An emotional NOS4A2 Season 2 Episode 1 brought a new beginning with old problems when it asks what makes a good parent?
When last we saw Vic, Maggie, and Charlie, they were all licking their wounds. Charlie, having been defeated by Vic, was healing in the prison hospital. Maggie was doing her level best to be supportive of her friend after Craig’s fiery death, and Vic found out she was pregnant with Craig’s child. Thankfully Lou Carmody had just stepped in the picture and is another gargantuan set of shoulders to lean on. A quick six month time jump shows Lou and Vic together and still in Colorado, and she hasn’t given up on destroying Manx and Christmasland. NOS4A2 Season 2 Episode 1 begins eight years later with a lot of bad news.
NOS4A2 got a lot of grief last season for starting slow. Fans of the novel by Joe Hill knew there was a ton of ground to cover, and hurrying over the set-up would rob the viewer of the emotional journey the characters go on. Without that context, their tragedies and successes mean nothing. The two-part finale of Season 1 brought a needed dose of urgency while delivering in a new chapter in Vic and Manx’s story for Season 2 to build on.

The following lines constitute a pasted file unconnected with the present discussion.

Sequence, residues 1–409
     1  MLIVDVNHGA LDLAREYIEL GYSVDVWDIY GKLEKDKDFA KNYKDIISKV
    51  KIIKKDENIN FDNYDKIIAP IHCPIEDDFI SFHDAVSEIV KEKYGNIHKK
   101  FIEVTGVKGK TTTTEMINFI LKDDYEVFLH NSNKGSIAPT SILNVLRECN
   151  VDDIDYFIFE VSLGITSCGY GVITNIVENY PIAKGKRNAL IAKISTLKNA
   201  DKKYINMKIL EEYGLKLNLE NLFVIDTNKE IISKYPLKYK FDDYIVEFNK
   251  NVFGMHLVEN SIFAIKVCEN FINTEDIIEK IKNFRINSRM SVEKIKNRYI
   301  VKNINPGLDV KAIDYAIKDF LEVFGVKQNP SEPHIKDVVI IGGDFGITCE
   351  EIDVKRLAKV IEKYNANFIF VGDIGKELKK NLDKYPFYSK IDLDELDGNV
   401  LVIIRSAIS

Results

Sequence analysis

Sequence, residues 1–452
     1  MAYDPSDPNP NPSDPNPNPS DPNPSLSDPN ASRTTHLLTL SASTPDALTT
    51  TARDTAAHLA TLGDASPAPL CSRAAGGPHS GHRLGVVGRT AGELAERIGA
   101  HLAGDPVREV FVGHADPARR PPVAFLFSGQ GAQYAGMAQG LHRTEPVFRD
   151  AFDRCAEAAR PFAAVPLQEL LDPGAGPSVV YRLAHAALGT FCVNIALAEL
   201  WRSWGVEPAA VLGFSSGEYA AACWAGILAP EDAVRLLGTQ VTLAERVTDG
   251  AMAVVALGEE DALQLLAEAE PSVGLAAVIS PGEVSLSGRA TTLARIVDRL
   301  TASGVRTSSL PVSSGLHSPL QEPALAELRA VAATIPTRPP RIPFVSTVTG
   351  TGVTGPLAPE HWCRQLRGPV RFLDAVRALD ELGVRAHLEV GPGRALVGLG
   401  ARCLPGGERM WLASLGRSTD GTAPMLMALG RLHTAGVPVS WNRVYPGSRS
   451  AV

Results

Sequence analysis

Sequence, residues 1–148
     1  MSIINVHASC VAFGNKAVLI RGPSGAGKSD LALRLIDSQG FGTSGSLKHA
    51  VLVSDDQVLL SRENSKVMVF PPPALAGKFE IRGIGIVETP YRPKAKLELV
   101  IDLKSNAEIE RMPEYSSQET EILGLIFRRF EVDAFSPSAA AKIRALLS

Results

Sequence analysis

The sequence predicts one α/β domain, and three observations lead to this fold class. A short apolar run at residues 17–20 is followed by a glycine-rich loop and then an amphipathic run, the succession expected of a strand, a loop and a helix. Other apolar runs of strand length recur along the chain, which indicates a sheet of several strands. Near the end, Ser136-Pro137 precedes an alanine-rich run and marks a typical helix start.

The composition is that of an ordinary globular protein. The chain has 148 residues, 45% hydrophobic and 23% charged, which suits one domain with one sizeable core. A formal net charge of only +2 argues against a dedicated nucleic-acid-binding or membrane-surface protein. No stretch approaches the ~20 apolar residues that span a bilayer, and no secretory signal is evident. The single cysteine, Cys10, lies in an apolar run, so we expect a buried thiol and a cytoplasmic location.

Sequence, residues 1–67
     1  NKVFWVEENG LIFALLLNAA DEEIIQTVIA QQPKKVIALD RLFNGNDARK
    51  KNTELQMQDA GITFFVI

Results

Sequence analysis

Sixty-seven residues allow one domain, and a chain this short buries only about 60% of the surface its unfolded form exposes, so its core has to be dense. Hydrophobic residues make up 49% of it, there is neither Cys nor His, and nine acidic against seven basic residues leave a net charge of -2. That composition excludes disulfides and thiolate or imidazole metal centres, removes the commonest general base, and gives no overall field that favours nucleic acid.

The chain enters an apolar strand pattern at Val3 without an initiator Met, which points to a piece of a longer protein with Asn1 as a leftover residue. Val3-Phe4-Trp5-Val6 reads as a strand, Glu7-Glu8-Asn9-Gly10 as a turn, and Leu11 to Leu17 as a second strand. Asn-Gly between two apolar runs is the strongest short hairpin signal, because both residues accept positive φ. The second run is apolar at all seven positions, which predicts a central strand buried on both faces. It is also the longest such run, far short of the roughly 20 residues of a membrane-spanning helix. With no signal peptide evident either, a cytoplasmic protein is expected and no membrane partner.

The episode opens with another thrilling look at Christmasland. The apple doesn’t fall far from the tree, and Charlie Manx’s daughter Millie is as big a monster as her Dad if in a pint-sized body. When a bunch of curious kids stumbles on the portal between Sleigh House and Christmasland, she learns that the wall to the other world isn’t as strong as she thought. Unfortunately, she soon will realize that their existence relies on Manx and the Wraith. If the old man and his car die, so does Christmasland.
Minnie wants Manx back and blames Vic. Minnie borrows directly from her Dad’s playbook and begins torturing Vic with Christmas music and staticky phone calls. It doesn’t take much for Vic’s frail mind to succumb to the pressure. Vic’s bike and her bridge are back and they take her to the morgue to Manx. She found him under a sheet all torn apart from an autopsy. she stabbed him with a scalpel and drive back home to find her home burning down.
NOS4A2 Season 2 Episode 1 titled Bad Mother explores the idea that Vic was a bad mother in Manx’s eyes for his vampire kids and an actual bad mother to Wayne. That through-line in the novel is an important one. Vic suffered life-altering trauma, and anyone would struggle to be a mother under those circumstances. She isn’t perfect. She’s occasionally less than the ideal mother for Wayne, who we get to see eight years after the tragedy of Season 1, but she would die to protect him. Sometimes Wayne needs protection from her, though, and therein lies the rub.
She wants to be a good parent, but her past and Manx keep getting in the way. Instead, she swings wildly between being an overly indulgent mom who lets her kid skip school and eat ice cream for breakfast and a barely functional alcoholic who behaves erratically out of devastating fear. Ashley Cummings captures both extremes with ease. She plays so well off Zachary Quinto’s impish Charlie Manx. Vic is vulnerable yet so strong and she is the ideal underdog.